Wednesday, November 30, 2011

"Hot or Not" Hits the Road

This Friday December 2, I will be speaking at the fourth annual "Turning a New Leaf Conference" in Lancaster, Pennsylvania.  My talk is entitled "Hot or Not: How Making Sustainable Landscapes Fashionable will Revolutionize the Movement."  The talk was inspired by my original post found here.

Here is the abstract:

The sustainable landscape movement has advanced significantly over the last decade, gaining in acceptance among homeowners and designers. But many remain skeptical of sustainable practices, and there is even evidence of a backlash against using native plants. Has the push to make landscapes more sustainable hit a rut? Is the message being drowned out? How do we reach a broader audience?

The single best way to expand the appeal of sustainable landscapes is to make them fashionable. Until sustainable landscapes are shown to be beautiful, they will never be fully embraced by the American public. This talk will explore how to create a new aesthetic for sustainable landscapes that will make them more desirable. We will examine model projects that are not only ecologically productive, but strikingly original, cutting-edge designs. We will look at how the European garden scene has blended sustainability with an artistic ethos. Most importantly, we will examine strategies that CCLC members can use to create more beautiful, original, and ecologically-rich landscapes.

There's still time to register.  For more on the conference, including other fascinating speakers and discussions, please visit the site's homepage:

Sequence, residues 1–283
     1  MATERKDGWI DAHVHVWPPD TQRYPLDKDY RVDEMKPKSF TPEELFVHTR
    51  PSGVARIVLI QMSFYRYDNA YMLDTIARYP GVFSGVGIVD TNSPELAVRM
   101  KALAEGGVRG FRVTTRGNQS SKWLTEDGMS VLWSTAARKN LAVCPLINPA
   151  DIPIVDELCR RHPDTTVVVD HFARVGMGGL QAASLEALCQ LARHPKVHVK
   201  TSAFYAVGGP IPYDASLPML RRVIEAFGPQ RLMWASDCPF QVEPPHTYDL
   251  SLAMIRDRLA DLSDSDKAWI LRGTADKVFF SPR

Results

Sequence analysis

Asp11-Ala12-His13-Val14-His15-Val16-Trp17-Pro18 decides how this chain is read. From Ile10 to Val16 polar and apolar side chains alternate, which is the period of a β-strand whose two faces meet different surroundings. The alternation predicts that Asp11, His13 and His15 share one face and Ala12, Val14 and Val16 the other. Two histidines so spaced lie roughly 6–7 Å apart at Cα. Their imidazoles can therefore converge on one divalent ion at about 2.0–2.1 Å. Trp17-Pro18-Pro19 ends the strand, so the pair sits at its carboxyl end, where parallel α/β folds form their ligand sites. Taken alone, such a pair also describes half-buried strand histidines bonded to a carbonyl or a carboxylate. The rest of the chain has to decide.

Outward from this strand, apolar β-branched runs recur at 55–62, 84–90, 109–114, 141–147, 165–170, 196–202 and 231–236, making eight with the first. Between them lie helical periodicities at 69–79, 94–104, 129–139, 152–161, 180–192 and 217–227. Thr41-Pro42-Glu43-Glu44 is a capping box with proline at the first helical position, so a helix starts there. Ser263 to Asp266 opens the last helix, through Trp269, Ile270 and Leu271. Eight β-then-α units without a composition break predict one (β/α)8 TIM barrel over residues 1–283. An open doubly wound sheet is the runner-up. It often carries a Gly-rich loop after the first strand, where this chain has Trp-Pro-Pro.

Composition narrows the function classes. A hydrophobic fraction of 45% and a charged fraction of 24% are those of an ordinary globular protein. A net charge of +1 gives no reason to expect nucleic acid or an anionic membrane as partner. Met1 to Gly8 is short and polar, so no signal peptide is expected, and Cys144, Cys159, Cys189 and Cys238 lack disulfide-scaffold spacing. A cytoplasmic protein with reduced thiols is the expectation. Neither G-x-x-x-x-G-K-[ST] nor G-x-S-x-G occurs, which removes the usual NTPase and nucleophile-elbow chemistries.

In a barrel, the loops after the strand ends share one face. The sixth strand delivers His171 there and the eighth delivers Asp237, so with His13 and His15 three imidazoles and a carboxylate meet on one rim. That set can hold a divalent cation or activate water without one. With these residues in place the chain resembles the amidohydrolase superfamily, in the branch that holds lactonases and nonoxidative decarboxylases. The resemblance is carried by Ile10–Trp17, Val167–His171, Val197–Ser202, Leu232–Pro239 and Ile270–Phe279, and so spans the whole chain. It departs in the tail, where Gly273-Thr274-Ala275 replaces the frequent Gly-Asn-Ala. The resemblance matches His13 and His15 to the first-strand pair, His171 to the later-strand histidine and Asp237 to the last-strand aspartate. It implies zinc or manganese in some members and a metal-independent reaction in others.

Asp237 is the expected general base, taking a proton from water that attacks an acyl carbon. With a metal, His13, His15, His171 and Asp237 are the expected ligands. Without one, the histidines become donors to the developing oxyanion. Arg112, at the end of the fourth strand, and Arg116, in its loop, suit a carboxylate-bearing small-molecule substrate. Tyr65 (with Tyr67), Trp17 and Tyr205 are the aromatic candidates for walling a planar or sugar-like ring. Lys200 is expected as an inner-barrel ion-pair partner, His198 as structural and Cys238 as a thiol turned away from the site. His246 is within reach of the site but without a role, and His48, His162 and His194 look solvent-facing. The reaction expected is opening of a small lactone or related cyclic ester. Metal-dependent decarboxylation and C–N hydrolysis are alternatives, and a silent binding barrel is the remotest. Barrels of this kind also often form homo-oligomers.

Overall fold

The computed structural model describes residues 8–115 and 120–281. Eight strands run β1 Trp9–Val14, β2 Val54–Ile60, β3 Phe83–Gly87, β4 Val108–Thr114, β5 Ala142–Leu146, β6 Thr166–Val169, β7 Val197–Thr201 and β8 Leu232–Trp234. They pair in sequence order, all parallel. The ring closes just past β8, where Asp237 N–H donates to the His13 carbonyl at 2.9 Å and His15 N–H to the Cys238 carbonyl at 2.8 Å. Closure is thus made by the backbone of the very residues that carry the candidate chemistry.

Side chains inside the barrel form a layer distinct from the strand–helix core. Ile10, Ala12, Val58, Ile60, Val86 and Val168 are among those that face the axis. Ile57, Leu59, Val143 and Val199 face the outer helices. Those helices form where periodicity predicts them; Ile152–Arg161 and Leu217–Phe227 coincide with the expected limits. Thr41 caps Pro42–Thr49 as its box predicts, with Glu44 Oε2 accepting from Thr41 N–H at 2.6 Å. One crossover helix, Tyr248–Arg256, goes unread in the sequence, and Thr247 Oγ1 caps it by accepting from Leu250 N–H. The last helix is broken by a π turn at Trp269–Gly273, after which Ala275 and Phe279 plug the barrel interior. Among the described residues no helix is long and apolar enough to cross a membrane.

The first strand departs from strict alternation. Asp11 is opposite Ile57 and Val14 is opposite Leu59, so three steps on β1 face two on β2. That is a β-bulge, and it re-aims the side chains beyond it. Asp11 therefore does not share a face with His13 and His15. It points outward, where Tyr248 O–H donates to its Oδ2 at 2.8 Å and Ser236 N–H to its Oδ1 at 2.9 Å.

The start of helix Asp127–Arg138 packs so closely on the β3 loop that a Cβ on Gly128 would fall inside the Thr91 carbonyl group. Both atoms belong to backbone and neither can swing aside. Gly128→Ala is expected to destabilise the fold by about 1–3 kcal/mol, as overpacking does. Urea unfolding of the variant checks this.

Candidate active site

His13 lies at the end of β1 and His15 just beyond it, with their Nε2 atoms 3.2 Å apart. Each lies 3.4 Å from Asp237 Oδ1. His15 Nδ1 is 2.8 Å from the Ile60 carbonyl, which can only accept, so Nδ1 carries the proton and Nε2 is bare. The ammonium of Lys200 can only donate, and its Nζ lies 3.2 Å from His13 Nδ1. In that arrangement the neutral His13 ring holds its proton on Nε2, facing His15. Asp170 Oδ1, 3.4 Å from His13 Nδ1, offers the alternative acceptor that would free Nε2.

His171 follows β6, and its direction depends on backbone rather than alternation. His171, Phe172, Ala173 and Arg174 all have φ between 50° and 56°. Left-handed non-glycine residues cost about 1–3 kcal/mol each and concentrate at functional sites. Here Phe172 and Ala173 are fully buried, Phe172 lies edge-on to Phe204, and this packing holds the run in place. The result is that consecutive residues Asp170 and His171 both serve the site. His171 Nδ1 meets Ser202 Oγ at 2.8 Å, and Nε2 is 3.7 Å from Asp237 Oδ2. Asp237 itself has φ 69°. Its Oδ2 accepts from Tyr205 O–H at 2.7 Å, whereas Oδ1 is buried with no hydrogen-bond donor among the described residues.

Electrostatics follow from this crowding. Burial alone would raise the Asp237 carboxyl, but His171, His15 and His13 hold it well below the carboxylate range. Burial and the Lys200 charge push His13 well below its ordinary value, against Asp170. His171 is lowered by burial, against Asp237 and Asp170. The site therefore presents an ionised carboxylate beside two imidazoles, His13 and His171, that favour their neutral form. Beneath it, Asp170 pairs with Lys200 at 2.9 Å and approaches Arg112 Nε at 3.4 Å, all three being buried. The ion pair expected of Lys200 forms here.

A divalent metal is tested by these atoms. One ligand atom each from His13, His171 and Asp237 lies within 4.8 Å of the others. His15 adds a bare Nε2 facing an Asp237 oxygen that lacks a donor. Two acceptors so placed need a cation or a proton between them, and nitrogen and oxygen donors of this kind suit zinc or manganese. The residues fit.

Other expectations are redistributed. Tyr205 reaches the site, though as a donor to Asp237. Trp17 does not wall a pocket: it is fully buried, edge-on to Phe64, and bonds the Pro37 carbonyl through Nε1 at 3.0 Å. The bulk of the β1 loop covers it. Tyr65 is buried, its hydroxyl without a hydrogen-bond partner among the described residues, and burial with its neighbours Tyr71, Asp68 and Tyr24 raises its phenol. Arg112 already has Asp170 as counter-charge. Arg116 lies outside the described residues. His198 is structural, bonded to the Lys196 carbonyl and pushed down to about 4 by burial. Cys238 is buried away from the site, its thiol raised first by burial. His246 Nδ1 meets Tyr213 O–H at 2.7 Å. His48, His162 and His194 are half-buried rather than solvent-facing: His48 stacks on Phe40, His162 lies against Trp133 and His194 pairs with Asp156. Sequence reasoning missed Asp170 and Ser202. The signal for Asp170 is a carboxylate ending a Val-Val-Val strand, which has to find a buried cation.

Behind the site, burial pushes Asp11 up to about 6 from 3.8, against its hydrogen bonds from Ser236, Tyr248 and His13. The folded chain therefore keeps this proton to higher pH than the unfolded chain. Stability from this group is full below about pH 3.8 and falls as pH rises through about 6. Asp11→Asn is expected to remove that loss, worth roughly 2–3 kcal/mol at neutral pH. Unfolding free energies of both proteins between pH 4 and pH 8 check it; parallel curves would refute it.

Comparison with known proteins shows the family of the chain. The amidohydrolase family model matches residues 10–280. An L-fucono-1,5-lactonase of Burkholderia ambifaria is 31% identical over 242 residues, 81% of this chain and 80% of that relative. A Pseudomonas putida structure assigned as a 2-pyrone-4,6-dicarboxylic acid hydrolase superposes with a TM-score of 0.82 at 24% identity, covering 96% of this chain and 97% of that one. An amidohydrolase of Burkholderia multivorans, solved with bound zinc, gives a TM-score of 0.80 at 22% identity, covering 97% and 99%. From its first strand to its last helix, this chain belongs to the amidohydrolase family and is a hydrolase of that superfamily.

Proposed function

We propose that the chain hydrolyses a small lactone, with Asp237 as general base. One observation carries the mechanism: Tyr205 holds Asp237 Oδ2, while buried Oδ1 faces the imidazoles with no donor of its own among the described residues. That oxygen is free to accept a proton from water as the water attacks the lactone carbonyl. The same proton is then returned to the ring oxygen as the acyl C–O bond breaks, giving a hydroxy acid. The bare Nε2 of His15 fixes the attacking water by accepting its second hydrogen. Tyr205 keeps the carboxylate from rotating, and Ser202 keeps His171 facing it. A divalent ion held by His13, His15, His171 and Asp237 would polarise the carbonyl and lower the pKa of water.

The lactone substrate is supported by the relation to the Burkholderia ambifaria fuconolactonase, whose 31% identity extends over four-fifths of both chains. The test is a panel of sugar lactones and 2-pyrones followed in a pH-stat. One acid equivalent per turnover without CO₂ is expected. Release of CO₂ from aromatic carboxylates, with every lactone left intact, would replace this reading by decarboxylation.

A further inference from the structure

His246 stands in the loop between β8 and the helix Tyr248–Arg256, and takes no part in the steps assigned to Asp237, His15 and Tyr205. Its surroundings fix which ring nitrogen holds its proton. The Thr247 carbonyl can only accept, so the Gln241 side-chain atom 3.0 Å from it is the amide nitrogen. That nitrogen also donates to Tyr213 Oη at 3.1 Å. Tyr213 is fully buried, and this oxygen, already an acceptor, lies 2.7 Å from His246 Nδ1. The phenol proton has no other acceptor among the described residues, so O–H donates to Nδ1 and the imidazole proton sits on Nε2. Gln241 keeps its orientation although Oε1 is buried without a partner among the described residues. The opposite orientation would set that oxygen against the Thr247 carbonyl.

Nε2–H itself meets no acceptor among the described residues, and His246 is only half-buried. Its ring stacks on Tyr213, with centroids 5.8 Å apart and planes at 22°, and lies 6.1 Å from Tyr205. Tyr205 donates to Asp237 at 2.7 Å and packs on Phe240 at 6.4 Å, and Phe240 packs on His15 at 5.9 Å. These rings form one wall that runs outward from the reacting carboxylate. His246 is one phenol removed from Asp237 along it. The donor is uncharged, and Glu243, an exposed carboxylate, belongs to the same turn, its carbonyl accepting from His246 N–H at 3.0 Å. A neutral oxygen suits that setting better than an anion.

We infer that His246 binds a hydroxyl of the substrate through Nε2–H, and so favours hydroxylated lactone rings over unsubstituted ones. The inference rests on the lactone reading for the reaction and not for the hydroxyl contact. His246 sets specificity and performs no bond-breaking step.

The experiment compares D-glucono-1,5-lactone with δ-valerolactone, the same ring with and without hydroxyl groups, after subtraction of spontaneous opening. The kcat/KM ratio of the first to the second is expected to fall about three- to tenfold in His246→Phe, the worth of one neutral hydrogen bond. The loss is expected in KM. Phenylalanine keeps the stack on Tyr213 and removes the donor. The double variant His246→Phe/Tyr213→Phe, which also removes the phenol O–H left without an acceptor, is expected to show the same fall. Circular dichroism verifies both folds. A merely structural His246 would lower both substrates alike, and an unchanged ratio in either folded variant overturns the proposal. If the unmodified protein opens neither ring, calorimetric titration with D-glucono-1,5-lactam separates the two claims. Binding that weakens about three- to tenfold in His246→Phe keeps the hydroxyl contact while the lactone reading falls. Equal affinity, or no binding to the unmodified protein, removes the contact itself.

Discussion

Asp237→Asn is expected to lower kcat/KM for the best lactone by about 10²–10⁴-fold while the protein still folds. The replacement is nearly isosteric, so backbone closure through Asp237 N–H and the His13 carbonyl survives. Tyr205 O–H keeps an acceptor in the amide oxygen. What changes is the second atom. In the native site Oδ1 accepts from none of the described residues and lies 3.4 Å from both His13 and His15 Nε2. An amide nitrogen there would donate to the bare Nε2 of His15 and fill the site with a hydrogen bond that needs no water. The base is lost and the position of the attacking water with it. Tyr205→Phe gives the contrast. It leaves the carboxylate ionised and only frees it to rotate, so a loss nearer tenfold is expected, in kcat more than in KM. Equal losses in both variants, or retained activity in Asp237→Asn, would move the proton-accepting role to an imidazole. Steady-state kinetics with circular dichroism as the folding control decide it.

Monday, November 21, 2011

Garden Designers Roundtable: Horticultural Idols

Plants are a particular passion of mine, but what fascinates me most is the way we design with plants. I’ve dedicated my professional life to the study of how we arrange and compose living plants. Planting design is not just about the plant as a horticultural or ornamental object; instead, it is a window into our culture, our beliefs about beauty, and perhaps most importantly, our relationship with nature.

For several years now, I’ve wrestled with what it means to develop my own style as a designer. I was fortunate enough to spend the better part of a decade working for Oehme, van Sweden & Associates, apprenticing and learning their iconic New American Garden style. Since leaving the firm in 2009, I’ve wondered how to adapt what I learned there and make my own contribution to the development of a uniquely American garden style, one rooted in the patterns of the American landscape.

It was this quest that led me to a study of the great plantsmen, designers who changed the way we think about plants. I teach a class in planting design for George Washington University, and in preparation for a lecture, I sought to select a list of groundbreaking plantsmen. Of course, one could spend an entire year studying all the great planting designers of history, but I wanted to focus on those who have most influenced the current moment. I wanted to share my personal list of ten great plantsmen, a mix of past and current designers whose designs are, in my opinion, the most relevant for today. This list includes both iconic designers of the past, brilliant contemporary plantsmen, and even emerging talent that has not been fully recognized.

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